'Show Me The Money' On Digital Permit Plan

WORKS Minister Desmond Bannister in the House of Assembly.

WORKS Minister Desmond Bannister in the House of Assembly.


Tribune Business Editor


Bahamian professionals yesterday said “show me the money” after a Cabinet minister expressed hope that a fully integrated digital system for handling building permits will be in place by year-end.

Architects and engineers responded alike after Desmond Bannister, minister of works, told Tribune Business that the Town Planning Committee chairman and acting physical planning director have been “tasked” with developing and overseeing improvements to the whole permitting process.

He added that the ultimate goal was the long-awaited automation of the entire building and planning approval system, with applications flowing seamlessly between the relevant government agencies and permits issued within “hours or a few days rather than weeks and months”.

Mr Bannister said Adrian White, the Town Planning Committee chair, and Charles Zonicle, acting director of physical planning, had provided “tentative dates” they wished to hit along with a proposed budget, although he declined to provide details on these timelines and the funding involved.

“The chairman and acting director have met with me on two occasions now, and we are looking to see if we can put some new processes in place in relation to how the whole system works,” the minister told this newspaper.

“The issues with the Building Control Department, and moving ahead with planned automation, hopefully for later this year. It would involve automation of the whole system of approvals for permits, and digitising what we are doing. That would improve the whole process and speed it up.

“I think it would benefit everyone. Right now, we have a Town Planning Committee that spends the entire day on Tuesday looking at these applications. It’s a process that’s needed reform for many years. These are private citizens. We have Department of Physical Planning staff who are basically overwhelmed.

“They have challenges there for this century with an organisational mandate that really is outdated. We have to look at how we improve that for everybody. If you are applying for something, once this whole system is integrated, instead of your application for a permit going to Building Control, Town Planning and then to environmental health, it will be done digitally,” Mr Bannister continued.

“The country and citizens will not have to go through the hurdles they go through every day. Hopefully we’ll see the benefits of that before the end of the year, having it in place and moving ahead. We’re going to make it happen. Instead of permits taking weeks and months, they should take hours or a few days.”

Removing the bottlenecks and red tape in the planning/building permit process would provide a major boost just when The Bahamas badly needs some positive economic developments amid the COVID-19 pandemic. Should Mr Bannister’s ambitions be achieved, time, costs and uncertainty would be reduced and/or eliminated, and job-creating growth and development spurred and encouraged.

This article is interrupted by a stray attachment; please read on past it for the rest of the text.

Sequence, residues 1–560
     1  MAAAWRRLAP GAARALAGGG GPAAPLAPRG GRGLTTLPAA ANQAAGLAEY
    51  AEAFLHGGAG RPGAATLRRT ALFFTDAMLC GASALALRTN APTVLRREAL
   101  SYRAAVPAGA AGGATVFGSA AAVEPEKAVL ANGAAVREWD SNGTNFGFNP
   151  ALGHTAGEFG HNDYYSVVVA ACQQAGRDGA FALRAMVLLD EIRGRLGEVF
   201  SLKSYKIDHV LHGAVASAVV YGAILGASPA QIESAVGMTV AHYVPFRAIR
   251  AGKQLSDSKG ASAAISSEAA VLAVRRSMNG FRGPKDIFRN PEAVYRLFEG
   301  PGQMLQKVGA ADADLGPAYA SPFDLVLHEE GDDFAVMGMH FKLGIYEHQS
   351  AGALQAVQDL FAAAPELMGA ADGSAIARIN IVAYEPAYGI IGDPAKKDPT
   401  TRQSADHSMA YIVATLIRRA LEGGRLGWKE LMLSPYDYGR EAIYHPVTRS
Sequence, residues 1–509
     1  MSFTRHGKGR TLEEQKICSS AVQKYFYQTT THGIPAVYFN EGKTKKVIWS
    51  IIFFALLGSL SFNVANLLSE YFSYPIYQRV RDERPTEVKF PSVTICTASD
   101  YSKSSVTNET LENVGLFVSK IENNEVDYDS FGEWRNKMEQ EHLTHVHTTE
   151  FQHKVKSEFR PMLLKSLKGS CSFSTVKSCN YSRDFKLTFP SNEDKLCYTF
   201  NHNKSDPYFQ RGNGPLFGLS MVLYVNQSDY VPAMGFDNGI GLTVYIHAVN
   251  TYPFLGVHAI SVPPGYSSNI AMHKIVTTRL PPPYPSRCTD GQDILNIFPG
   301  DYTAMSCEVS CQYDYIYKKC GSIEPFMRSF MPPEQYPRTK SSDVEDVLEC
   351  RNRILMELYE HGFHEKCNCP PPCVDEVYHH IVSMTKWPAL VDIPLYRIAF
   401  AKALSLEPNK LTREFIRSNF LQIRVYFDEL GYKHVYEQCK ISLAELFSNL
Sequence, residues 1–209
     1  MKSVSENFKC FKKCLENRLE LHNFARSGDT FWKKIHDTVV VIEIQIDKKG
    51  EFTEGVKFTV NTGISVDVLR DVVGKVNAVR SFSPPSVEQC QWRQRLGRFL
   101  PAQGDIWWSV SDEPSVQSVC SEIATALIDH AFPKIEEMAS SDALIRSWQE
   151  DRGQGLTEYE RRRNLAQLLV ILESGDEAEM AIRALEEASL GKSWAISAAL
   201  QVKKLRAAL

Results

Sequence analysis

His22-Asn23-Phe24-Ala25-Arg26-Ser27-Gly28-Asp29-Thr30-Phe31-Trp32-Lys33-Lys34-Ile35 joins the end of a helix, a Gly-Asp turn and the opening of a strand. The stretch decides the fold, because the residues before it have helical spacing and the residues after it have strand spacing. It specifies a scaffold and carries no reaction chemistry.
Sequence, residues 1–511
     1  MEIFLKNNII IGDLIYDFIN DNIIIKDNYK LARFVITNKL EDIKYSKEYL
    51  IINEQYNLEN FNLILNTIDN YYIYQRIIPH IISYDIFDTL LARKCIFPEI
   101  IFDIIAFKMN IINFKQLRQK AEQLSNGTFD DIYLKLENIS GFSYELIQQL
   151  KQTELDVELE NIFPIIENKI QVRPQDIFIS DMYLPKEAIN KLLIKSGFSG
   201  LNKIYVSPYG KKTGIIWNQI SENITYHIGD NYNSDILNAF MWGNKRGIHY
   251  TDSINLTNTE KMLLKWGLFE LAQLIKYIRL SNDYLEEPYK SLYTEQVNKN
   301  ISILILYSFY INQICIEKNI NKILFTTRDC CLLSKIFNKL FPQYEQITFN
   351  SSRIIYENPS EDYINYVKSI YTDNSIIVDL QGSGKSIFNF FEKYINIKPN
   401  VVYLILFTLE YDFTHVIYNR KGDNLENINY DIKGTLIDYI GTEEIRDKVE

However, Bahamian professionals, while enthused by Mr Bannister’s comments to this newspaper, said they had heard such automation and digitisation promises made repeatedly by administrations over the past three decades only to never come to fruition.

Gustavus Ferguson, the Institute of Bahamian Architects (IBA) president, recalled a workshop held last year with all construction industry stakeholders where the Ministry of Works had promised to move ahead with the plans outlined by Mr Bannister only for them not to materialise.

“Show us the money,” “Mr Ferguson told Tribune Business. “It’s better for him to show us than say it will happen. That the worst thing with that ministry (Works). It doesn’t seem like they believe in timelines. It’s hard to get timelines from them.

“All administrations for close to 25 years have been talking about implementing an electronic system there, and they’re still talking about it today. In hindsight, the pandemic may have forced it out of the Government. I’m hoping that’s the case.

“We did research on the system they need in terms of the cost to implement it, and at the low end it comes out to about $50,000. We can begin from $50,000 and up. It’s one way to streamline. I’m sure all the clients will be happy and the practitioners will be happy,” he continued.

“There’s no need to wait for four to six months for approval on simple residential construction. You have approvals that are granted in a day in major US cities. Residential projects are granted approval in a day. Regionally, you have some jurisdictions that grant it in one week or two weeks.”

Mr Ferguson added: “I know of projects I had whereby because of the extended period of time it took to approve them they actually died. I can probably say that for all architects in the country. I had a lot of projects that died waiting for approval and the whole economy is affected by that.

“We pointed that out to the minister [Mr Bannister] on previous occasions and the minister of finance [K Peter Turnquest] - the revenue being lost because of non-approvals and the time taken for approvals.”

Quentin Knowles, the Bahamas Society of Engineers (BSE) president, said in response to Mr Bannister: “That’s a good way of putting it: I’ll believe it when I see it. We’ve been talking about it for years. Most modern jurisdictions have done it, and I think I can speak for everybody in construction, architects and engineering when I say we’d welcome this with open arms. Without a doubt.”

He explained that the manual permitting process was especially problematic on major projects when multiple engineers and architects had to submit up to three copies of drawings and plans that could require up to 150-200 sheets from each consultant.



Sign in to comment